For the teenager who refuses to drink milk, cheese and yogurt are alternative sources of calcium.

Keeping alternatives to soft drinks on hand, and offering to make fruit smoothies and other nutritious blender drinks, may help in your quest.

***

Banana Peanut Butter Smoothie

1 cup very cold milk
1/2 cup banana slices (about 1 small banana)
2 teaspoons smooth peanut butter
1/4 teaspoon ground cinnamon
1/2 teaspoon vanilla extract

Combine all ingredients in blender. Blend until smooth. Makes one 8-ounce serving.

Per 1-cup serving (using 2% milk): 288 calories, 41g carbohydrates, 11g protein, 10g fat, 18mg cholesterol, 305mg calcium. Calories from fat: 31%.

Using skim milk: 261 calories, 7g fat, 24% calories from fat (other nutrients identical).

Source: Dairy Council of Wisconsin

***
Peach Froth

2 cups cold milk 1 cup peach yogurt
1 can (16 ounces) peaches with juice, chilled
1/4 teaspoon almond extract
Dash of salt

Combine all ingredients in blender. Cover and blend until smooth and frothy. If desired, serve with a scoop of vanilla ice cream or frozen yogurt.
Makes 5 cups.

Per 1-cup serving (using 2% milk): 155 calories, 28g carbohydrates, 6g protein, 3g fat, 11mg cholesterol, 183mg calcium. Calories from fat: 17%.

Using skim milk: 128 calories, no fat (other nutrients identical).

Source: Wisconsin Milk Marketing Board

***
Fruit 'n' Nut Breakfast Shake

1/2 medium peeled banana, sliced
1/2 cup fresh strawberries
1 cup cold chocolate milk
2 tablespoons reduced-fat creamy peanut butter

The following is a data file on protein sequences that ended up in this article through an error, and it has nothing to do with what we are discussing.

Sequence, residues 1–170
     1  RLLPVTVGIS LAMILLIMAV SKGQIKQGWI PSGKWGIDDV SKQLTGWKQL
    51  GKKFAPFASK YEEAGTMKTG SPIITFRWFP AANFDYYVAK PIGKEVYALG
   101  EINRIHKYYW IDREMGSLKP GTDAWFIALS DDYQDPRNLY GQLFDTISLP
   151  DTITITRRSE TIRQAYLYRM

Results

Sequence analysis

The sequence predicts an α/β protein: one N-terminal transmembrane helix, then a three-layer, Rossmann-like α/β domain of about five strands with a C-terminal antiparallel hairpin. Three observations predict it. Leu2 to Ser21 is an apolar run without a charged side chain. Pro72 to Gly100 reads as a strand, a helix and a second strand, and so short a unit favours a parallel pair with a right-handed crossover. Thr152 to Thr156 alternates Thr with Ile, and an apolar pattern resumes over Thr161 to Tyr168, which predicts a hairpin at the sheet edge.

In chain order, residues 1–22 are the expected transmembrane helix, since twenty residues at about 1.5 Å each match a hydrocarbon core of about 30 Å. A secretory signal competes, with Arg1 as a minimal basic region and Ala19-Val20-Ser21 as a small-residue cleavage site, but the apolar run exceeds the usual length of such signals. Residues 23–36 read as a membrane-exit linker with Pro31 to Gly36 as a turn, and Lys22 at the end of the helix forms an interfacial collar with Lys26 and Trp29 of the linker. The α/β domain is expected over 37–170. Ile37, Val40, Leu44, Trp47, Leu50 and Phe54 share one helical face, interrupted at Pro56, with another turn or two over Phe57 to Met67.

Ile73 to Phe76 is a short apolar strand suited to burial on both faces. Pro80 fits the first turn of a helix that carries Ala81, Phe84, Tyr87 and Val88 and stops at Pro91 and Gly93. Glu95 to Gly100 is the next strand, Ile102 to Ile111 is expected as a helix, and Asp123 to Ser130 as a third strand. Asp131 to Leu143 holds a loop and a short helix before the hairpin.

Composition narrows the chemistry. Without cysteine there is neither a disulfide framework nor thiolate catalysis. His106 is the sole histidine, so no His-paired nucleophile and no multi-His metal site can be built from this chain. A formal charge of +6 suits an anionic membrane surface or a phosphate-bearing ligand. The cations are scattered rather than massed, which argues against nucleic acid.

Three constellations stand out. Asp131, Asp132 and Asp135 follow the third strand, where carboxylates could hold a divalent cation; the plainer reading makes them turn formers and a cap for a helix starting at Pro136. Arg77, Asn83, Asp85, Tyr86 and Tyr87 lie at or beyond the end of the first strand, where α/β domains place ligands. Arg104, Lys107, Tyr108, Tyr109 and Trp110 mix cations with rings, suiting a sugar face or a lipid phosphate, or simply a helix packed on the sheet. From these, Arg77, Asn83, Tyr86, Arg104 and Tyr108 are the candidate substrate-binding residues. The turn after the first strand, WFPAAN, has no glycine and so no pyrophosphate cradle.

1 teaspoon honey
1 cup vanilla, chocolate or strawberry frozen yogurt

Combine banana, strawberries and chocolate milk in blender. Process until smooth. Add peanut butter, honey and frozen yogurt. Process until smooth. Makes two 1-cup servings.

Per 1-cup serving (using 1% chocolate milk): 358 calories, 60g carbohydrates, 11g protein, 11g fat, 14mg cholesterol, 250mg calcium. Calories from fat: 28%.

Source: National Dairy Council

***
Granola Chocolate Breakfast Shake

1 cup cold chocolate milk
1 cup vanilla frozen yogurt
2/3 cup low-fat granola (divided)
2 tablespoons raisins
1/4 cup miniature marshmallows

Combine chocolate milk, frozen yogurt and 1/3 cup granola in blender. Process until smooth. Stir in remaining granola, raisins and marshmallows.
Makes two 1-cup servings.

Per 1-cup serving (using 1% chocolate milk): 350 calories, 67g carbohydrates, 9g protein, 5.5g fat, 14mg cholesterol, 260mg calcium. Calories from fat: 14%.

Source: National Dairy Council

Registered dietitian Laura Wilford is vice president of nutrition marketing for the Dairy Council of Wisconsin in Brookfield.

The Milwaukee Dietetic Association provides this column to enhance the knowledge of food and nutrition issues affecting Wisconsinites at various stages in their lives.
For more information, call the National Center for Nutrition and Dietetics at (800) 366-1655 for referrals to a registered dietitian and recorded information. Or, consult the American Dietetic Association Web site at www.eatright.org.